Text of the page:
(Half a glass) Red Wine Vinegar

(Half a glass) Red Wine Vinegar

Last night, I sat with darling friends, set the world to rights over prosecco, pizza, red wine and Galaxy.  At half twelve we inched ourselves towards bed, half full wine glasses left on the side.  This was, of course, a happy coincidence/this is a way I like to spend Saturday nights.

Cooking with red wine doesn’t have to be all full bowls of risotto and bowls of ragu and mushrooms.  How about a nice salad?  Mmmmmmm red wine salad?  Doesn’t that sound lush?  Or how about making your own red wine vinegar? It’s simple – just leave your leftover red wine out in a jar, and cover it with some clean, thin fabric so that fruit flies don’t die a happy death in your wine.

Now you have a nice, home made wine vinegar to dress your salad!  That sad salad pack that’s sitting in your fridge? This home-made red wine vinegar will make sure that that it doesn’t get wasted.  The red wine vinegar does take a couple of weeks to ferment, but you’re saving time, saving money and saving food waste. So let the wine do its own magic, banishing food waste, one delicious meal at a time.

(A glass of leftover) Red Wine Vinegar

Ingredients

Leftover red wine

Tools

Jam jar
Muslin

Time

A couple of weeks

Prep

Sterilise the jar

Method

Pour the wine into a jar
Cover with a muslin
Leave for about 2 weeks
Vinegar!

Storage/further meals

Store in a cool, dark place

Got a question? Ingredient you need help with? Get in touch:

ann@storrcupboard.com

(Half a glass of) Red Wine Risotto

(Half a glass of) Red Wine Risotto

Leftover wine means risotto.  I so rarely make it because (cough) I don’t like to have leftover wine, and I certainly don’t like sacrificing a hefty glass to the cooking pan.  A bottle of wine isn’t a cheap thing for most of us; I hover around spending around £7 per bottle and I intend to drink my wine!  But when drinking it isn’t on the cards, let’s not waste our precious my precious wine.

Oh, to live in Italy or France where 4 euro wine is good!  Anyway, this price point reminds us to not leave half empty glasses of wine. or be like Marina O’Loughlin and not pour hulking great glasses in the first place.  If you’re tidying up after a boozy lunch or lovely party DON’T throw every half glass leftover; freeze it if you need to and know that this risotto can be filling up your bowl with all its warming and cosy goodness.

This red wine risotto can use up frozen red wine if you have some lurking.  I served it to my friend Lucy with a hefty stir through of Stilton and some leftover sprouts; both optional, but if you’re feeding a lotta people on Boxing Day or after, this is a thrifty and delicious way to nail those tricky leftovers.

(One glass of leftover) Red Wine and Stilton Risotto

Serves 2, heartily

Ingredients

50 grams unsalted butter
1 medium onion (around 100 grams)
200 grams risotto rice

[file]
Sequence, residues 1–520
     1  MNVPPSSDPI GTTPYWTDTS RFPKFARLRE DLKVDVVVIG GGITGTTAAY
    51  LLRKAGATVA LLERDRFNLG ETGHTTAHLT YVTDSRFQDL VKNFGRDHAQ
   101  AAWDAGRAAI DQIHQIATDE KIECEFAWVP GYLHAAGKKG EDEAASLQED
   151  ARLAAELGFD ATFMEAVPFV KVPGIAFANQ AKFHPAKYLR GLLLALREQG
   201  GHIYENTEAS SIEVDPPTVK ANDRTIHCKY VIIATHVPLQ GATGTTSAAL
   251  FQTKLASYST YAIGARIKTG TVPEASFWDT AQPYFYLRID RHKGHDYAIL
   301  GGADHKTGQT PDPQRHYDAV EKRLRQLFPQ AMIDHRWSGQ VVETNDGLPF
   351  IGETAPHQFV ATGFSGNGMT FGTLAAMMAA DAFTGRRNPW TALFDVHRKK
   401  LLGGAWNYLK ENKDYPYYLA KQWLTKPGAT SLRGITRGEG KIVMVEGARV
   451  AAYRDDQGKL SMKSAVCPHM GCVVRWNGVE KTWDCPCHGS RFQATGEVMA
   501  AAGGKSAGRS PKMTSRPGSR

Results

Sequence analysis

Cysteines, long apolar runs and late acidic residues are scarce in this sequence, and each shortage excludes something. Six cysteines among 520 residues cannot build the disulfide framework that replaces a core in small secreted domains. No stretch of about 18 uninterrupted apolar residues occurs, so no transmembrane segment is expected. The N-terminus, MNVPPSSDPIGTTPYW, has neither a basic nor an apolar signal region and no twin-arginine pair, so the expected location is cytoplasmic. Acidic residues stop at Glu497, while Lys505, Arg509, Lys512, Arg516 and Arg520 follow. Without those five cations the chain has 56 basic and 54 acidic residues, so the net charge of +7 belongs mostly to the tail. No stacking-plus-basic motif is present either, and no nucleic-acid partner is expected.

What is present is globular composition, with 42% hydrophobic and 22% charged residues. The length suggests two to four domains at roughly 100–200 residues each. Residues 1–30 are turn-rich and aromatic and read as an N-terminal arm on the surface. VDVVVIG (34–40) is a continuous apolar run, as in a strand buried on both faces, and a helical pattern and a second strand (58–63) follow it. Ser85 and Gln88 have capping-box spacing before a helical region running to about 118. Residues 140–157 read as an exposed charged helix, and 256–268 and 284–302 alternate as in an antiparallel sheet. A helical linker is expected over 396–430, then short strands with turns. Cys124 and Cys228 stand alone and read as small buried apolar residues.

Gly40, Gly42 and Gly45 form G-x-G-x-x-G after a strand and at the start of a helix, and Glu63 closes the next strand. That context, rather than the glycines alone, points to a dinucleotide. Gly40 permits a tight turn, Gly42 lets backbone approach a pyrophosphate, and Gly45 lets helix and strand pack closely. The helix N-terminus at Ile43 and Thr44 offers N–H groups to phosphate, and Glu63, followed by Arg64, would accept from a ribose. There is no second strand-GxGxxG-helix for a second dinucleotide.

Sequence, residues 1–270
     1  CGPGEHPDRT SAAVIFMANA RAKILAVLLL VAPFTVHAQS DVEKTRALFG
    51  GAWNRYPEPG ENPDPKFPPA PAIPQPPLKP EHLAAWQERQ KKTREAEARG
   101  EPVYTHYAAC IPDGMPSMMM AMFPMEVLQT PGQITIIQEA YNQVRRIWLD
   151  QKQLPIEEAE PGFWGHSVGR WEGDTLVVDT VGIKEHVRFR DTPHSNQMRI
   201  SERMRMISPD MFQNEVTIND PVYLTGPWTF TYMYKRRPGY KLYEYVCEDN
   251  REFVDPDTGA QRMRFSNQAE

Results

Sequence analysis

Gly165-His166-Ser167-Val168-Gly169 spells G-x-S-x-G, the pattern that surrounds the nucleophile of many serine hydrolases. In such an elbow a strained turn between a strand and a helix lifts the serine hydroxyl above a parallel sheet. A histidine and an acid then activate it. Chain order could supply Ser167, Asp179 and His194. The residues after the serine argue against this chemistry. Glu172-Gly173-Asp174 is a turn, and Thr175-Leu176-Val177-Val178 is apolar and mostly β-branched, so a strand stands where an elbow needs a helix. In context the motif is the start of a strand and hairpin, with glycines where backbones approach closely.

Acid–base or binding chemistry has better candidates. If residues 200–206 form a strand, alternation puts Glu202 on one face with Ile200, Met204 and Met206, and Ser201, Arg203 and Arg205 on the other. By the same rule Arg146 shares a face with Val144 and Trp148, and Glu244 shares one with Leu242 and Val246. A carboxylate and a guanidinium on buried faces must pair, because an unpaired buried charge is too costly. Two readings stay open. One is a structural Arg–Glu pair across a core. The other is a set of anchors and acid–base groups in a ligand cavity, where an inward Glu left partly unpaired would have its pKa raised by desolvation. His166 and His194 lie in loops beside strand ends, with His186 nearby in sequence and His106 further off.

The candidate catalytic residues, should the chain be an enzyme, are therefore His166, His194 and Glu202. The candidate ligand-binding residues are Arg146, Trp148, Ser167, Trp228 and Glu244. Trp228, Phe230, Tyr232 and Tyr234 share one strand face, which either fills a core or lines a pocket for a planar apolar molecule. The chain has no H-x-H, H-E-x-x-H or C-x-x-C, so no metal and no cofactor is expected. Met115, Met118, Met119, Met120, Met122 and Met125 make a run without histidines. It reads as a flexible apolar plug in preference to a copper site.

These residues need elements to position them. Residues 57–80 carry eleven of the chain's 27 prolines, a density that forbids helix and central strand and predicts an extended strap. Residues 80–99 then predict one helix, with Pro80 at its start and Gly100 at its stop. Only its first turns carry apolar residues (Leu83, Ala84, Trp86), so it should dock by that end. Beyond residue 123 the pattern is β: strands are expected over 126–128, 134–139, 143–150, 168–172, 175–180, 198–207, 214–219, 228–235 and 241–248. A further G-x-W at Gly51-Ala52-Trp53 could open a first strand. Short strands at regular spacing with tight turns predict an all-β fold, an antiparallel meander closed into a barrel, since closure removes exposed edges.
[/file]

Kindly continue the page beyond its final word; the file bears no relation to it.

250ml red wine
250ml chicken/veg stock/water
Around 100g blue cheese (optional)
Around 50 grams grand padano/any Italian hard cheese
Leftover greens (totally optional)

Tools

Knife, chopping board
Large frying pan
Wooden spoon
Grater

Time

About three quarters of an hour

Prep

If using frozen wine, defrost
Finely dice the onion
If using a stock cube, prep the stock

Method

Heat the butter in the saucepan and when it’s a little frothy, add the diced onion
Cook on a medium/low heat until the onion is see-through – at least 10 minutes but give it 20 if you can
DON’T LET IT BROWN
Only when the onion is soft enough to be squashed with your wooden spoon add the risotto rice
Stir it around and make sure it’s all covered with the butter
Turn up the heat and pour in the wine; let is cook nice and hot for a couple of minutes
Heat back down to medium and add some stock/water and stir
Keep on adding the stock/water and giving the odd stir until the rice has a nice texture; not too soft but I’m not keen on too much of a bite.  Some brands of rice might take 20 minutes, some 30, so follow pack instruction
When you’re happy, stir through the grated hard cheese, and a little of the blue cheese, if using
If you’ve got some greens or sprouts to use up, stir them through, too
Serve with extra blue cheese and  sprouts if you like

Storage/further meals

Lots of people worry about storing leftover rice; billions of people all over the world eat leftover rice, so just be careful and you’ll be fine
Allow to cool to room temperature then cover
You can keep for 5 days in the fridge as long as kept cold and covered
Only reheat what you need at any one time

Got a question? Ingredient you need help with? Get in touch:

ann@storrcupboard.com

(Half a leftover) Smothered Cabbage

(Half a leftover) Smothered Cabbage

Some things just go together; pork and greens are a perfect example of this.  A tiny amount of pork, saved from the bin, is all you need to give that leftover cabbage some pep in its step.

This recipe was inspired by an amazing food writer and cook, Edna Lewis.  She lived in Freetown, Virginia, which was a community of people who had emancipated themselves from slavery.  This community included her grandparents, themselves emancipated slaves.  Her recipes show a deft experience of working with excellent produce and how to make every meal into a feast.  That skill comes from experience and a respect for food and not wasting it, a skill that you, me and more people are now re-learning.  If you’re interested in reading about seasonal, delicious and thrifty food, and the relationship of this pioneering African-American woman and community, hunt it out, curl up in a chair and learn,